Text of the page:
Letters to the Editor

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GUNS: Suburbs under siege

Letter by Michael J. Spencer, Raymond on June 1, 2012 at 1:20 pm with 17 Comments »
June 1, 2012 1:21 pm

You describe on the cover page of today’s paper (TNT, 6-1) how the Steele Street Forza coffee shop has been renamed Blue Steele Coffee Co. to honor law enforcement in memory of the four Lakewood police officers slain three years ago.

On another page, you relate how Ian Stawicki, the perpetrator of five recent senseless killings in Seattle, was able to obtain six handguns over the past decade even though he had exhibited very obvious signs of mental impairment and anger-management problems.

Yet, for whatever reason, your lead story on the cover was to glorify the very immature antics of Gig Harbor high school students who play-act out these very same senseless types of behavior. One young lady spends two hours a day updating a website showing the group’s “kills” for the day, who needs to track down whom, etc.

What is wrong with this picture? And with a newspaper that would glorify such garbage in light of so many recent shootings? Suburbs under siege, indeed!

Leave a comment Comments → 17
  1. Ortingmom says:

    The big difference? 2 were horrible and true and the other are kids having traditional fun. One does not turn into the other.

  2. Stawicki’s family claims he had ‘metal problems’ and ‘knew something would happen’ yet did not seek help or take preventative actions.

    Under our legal system, Stawicki cannot be held responsible for his actions, but his family will have to bear the shame, guilt, and responsibilities of their inactions.

  3. aislander says:

    Spencer shows the typical liberal disdain for the ability of people to make distinctions between fantasy and reality, or about anything else, for that matter. That, apparently is what government is for: to do our thinking and judging for us.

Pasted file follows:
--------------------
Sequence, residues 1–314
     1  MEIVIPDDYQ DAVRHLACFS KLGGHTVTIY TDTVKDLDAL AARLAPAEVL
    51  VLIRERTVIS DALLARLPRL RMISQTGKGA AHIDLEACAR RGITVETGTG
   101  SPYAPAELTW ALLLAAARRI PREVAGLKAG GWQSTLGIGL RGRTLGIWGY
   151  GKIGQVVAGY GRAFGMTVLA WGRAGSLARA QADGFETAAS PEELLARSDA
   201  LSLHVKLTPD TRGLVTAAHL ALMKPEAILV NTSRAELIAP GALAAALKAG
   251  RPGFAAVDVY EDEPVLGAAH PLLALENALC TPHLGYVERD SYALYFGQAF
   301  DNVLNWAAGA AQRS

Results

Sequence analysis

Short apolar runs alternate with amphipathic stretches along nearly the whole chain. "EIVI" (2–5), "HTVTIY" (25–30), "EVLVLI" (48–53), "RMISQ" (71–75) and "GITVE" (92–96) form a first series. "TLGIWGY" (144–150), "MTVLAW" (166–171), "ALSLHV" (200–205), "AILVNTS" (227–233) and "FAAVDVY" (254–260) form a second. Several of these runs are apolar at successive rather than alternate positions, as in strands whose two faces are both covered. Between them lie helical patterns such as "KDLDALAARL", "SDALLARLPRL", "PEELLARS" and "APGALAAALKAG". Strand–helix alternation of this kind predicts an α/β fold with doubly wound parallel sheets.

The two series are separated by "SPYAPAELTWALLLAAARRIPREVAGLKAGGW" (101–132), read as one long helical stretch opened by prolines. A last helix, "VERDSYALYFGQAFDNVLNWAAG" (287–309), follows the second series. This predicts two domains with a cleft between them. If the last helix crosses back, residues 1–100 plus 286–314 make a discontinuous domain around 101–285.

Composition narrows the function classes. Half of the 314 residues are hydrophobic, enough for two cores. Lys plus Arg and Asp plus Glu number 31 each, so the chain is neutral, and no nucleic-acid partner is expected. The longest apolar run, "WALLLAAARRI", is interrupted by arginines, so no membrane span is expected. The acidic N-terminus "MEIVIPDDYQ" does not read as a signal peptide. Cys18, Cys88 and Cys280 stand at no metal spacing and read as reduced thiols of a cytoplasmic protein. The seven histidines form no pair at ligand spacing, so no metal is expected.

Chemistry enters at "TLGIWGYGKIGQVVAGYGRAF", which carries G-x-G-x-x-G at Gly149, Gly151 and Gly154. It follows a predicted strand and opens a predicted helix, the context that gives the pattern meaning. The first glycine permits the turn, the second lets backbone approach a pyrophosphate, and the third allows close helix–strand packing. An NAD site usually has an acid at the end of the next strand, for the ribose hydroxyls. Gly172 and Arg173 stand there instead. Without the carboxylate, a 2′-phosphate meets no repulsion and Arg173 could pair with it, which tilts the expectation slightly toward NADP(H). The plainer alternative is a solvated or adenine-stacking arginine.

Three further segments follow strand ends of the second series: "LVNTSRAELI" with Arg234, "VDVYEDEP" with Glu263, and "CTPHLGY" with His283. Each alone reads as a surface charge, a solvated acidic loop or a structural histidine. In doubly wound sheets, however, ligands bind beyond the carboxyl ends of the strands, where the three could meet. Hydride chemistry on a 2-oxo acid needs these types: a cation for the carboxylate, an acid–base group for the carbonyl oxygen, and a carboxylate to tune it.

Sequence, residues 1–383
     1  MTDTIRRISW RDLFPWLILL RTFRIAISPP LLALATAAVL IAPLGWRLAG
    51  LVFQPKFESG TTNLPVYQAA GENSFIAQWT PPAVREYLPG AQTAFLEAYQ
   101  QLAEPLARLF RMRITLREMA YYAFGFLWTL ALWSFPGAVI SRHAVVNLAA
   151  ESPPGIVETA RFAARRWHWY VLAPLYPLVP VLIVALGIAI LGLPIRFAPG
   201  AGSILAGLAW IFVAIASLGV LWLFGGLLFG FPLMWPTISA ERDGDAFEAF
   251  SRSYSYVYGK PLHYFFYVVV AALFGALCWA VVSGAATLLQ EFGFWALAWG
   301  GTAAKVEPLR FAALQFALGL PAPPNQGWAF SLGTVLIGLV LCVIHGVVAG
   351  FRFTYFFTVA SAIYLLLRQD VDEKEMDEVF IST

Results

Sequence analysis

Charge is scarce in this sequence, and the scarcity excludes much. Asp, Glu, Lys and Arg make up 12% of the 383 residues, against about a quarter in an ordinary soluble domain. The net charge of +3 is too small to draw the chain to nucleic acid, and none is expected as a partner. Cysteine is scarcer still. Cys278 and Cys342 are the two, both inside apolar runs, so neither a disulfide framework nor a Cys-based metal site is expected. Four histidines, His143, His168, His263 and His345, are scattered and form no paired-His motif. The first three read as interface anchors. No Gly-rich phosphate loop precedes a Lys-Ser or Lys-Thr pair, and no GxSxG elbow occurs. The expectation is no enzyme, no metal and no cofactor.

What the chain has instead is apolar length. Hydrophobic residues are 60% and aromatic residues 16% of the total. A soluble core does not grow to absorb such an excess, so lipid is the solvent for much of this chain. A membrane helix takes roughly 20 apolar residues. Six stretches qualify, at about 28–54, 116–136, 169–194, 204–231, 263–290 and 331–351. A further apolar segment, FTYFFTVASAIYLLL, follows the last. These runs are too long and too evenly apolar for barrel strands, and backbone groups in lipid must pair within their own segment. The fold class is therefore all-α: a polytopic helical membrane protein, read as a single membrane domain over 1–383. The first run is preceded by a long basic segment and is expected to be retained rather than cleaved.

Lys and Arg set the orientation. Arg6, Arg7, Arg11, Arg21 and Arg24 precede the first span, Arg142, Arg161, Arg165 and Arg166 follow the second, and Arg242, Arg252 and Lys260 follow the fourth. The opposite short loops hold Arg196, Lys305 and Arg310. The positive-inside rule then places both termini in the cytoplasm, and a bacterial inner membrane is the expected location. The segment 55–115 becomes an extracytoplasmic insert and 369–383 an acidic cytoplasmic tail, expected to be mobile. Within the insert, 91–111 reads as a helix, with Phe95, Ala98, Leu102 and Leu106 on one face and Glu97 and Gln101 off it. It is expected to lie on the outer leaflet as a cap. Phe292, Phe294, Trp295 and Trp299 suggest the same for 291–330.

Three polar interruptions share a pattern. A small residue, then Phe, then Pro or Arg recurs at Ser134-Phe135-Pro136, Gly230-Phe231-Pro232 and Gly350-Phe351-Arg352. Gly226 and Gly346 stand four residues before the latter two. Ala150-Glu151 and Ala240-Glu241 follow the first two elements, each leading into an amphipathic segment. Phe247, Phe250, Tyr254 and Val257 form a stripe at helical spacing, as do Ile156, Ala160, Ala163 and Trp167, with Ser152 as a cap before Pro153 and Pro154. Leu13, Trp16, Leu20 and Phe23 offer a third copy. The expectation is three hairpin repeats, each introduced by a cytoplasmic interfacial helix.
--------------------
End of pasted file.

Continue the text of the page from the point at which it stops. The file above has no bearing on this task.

He did make passing reference to the real problem: crazy people allowed to roam free, let alone having access to guns.

    The civil commitment process needs to be restored to its pre-enlightened state, when for that reason (as well as others) we lived in a more civilized society…

  4. sumyungboi says:

    I agree that the nerf-war story was kinda dumb. But to make a connection between those nerf kids and real world killings is dumber. When I was a little kid in the sixties, before PC, almost all kids had cap guns that we shot each other with while we played cowboy or soldier. I would say that there’s way more weirdo psychos these days than back then. What’s the difference? Most of our parents (both of them, what a concept) taught us gun safety and took us shooting. We knew what happened at the business end of a gun at an early age, and death was permanent.

  5. “Spencer shows the typical liberal disdain for the ability of people to make distinctions between fantasy and reality, or about anything else, for that matter.”